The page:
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earlymb

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Salvage Sailor

21st Infantry Regiment motor park officer

 

21st Infantry 002.jpg

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Salvage Sailor

More 21st IR - Hawaiian Division

 

21st Infantry 055b.jpg

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Salvage Sailor

Switching Regiments - 27th Infantry Wolfhounds - Hawaiian Division 1930's

 

076.jpg

077.jpg

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Salvage Sailor

Hawaiian Division Artillery

 

13th Field Artillery Battalion

078.jpg

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Salvage Sailor

Can't overlook the triple-A

 

 

079.jpg

080.jpg

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Salvage Sailor

How about some Coast Artillery?

 

41st CA Halftracks 1935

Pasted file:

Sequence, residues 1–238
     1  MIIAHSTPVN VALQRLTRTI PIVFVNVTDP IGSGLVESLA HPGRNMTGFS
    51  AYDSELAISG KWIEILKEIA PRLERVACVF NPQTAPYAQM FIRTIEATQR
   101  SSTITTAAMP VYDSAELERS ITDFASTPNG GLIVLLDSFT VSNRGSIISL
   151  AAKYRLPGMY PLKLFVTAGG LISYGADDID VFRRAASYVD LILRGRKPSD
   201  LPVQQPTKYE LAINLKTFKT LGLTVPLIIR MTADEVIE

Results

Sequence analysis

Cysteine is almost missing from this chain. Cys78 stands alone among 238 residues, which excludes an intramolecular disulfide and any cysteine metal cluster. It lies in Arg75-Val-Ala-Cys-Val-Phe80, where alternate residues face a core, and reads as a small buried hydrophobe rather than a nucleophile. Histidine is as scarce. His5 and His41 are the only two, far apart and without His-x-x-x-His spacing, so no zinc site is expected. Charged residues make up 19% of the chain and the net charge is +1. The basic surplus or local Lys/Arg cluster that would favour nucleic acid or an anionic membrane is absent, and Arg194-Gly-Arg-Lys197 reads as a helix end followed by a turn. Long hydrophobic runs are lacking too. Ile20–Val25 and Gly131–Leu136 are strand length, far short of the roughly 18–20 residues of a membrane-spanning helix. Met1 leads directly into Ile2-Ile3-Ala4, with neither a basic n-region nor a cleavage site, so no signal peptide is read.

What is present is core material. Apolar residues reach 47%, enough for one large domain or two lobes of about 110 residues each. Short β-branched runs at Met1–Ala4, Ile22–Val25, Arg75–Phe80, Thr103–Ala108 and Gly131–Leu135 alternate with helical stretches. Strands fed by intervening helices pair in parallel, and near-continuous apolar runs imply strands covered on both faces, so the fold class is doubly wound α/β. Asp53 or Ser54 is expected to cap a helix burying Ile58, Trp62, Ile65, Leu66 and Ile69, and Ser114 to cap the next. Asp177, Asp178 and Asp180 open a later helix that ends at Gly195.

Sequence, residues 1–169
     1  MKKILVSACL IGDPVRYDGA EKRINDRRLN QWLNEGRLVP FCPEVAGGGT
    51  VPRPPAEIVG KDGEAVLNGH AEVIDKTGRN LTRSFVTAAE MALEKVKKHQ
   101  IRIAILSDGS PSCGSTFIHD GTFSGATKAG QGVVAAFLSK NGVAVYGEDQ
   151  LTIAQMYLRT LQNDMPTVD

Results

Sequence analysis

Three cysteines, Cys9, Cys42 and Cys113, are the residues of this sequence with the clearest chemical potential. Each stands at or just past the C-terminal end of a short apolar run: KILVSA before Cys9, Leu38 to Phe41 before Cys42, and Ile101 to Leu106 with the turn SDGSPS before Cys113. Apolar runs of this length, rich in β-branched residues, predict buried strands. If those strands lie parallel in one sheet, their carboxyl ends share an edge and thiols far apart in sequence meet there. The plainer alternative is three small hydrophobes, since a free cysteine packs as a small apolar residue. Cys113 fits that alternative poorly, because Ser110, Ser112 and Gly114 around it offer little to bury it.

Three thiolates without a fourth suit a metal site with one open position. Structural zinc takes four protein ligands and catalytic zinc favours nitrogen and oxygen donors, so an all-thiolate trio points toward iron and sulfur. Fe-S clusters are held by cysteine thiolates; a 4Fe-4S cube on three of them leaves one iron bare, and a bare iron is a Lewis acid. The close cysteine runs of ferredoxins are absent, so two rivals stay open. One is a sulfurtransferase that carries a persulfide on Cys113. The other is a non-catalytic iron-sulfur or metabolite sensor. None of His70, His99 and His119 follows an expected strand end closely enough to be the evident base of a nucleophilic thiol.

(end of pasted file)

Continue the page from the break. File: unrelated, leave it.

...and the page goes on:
and a Fort Shafter 64th CA prime mover 1935

41st CA Schofield 1935 17a review halftracks 02.jpg

64th CA Schofield 1935 01b.jpg

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How about some Coast Artillery?

 

41st CA Halftracks 1935

 

and a Fort Shafter 64th CA prime mover 1935

 

The halftracks are 1-ton GMC T4's; 22 were supplied in 1934 for use as wiring-laying trucks by the Signal Corps, as can be seen from the wire reel drums they have mounted.

 

Also notable in the pic with the 21st Infantry Regiment motor park officer is that the vehicle behind him has the metal plate with the registration number, starting with 'W' that was used well into 1942.

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Salvage Sailor

 

 

Outstanding images of what appear to be a G7105/G7107 panel truck--this is a rare bird and difficult to find good period photos. The G7105, though, had a spare tire carrier mounted behind the driver's door, so i am not quite certain this is what the truck is. I have attached the only period image I have in my files of G7105s.

 

attachicon.gifG7105-Chevy-1.jpg

 

 

Keep 'em rolling,

 

John

(Editor, Military Vehicles Magazine and Military Trader)

 

Aloha John,